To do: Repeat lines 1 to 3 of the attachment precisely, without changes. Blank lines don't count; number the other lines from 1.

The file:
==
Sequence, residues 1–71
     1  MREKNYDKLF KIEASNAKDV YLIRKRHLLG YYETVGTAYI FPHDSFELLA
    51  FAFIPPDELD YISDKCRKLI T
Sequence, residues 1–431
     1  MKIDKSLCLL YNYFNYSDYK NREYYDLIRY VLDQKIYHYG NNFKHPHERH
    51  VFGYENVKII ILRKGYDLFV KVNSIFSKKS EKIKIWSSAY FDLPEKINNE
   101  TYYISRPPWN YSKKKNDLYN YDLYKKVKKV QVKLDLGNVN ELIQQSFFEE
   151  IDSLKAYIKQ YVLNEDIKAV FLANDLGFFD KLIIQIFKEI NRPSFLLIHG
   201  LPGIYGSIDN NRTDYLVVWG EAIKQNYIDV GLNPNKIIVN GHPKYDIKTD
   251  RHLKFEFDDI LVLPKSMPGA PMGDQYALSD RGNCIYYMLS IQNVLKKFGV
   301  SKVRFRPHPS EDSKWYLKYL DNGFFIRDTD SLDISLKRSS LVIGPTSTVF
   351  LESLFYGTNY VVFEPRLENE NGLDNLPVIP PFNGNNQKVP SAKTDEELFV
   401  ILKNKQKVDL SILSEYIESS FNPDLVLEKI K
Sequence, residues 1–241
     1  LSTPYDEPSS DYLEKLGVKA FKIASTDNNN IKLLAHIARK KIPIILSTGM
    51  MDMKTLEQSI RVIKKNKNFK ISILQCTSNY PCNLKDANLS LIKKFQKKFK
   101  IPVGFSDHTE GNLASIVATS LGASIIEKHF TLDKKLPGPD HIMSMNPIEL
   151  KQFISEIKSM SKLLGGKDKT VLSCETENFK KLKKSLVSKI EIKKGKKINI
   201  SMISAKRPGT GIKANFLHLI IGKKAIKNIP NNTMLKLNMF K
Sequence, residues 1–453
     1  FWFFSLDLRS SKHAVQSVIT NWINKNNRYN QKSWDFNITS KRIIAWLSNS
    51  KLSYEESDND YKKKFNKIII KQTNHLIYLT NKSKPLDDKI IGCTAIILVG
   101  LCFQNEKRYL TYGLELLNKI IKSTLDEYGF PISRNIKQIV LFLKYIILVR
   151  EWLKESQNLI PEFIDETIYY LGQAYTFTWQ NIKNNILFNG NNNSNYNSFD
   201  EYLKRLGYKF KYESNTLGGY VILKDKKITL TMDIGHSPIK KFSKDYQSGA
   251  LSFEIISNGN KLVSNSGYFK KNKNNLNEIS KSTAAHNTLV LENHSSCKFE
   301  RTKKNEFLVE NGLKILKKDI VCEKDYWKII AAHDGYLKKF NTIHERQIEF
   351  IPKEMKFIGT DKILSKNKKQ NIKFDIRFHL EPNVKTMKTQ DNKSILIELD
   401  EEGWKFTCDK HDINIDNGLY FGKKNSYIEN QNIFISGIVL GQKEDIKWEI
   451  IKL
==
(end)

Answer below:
Sequence, residues 1–71
     1  MREKNYDKLF KIEASNAKDV YLIRKRHLLG YYETVGTAYI FPHDSFELLA
    51  FAFIPPDELD YISDKCRKLI T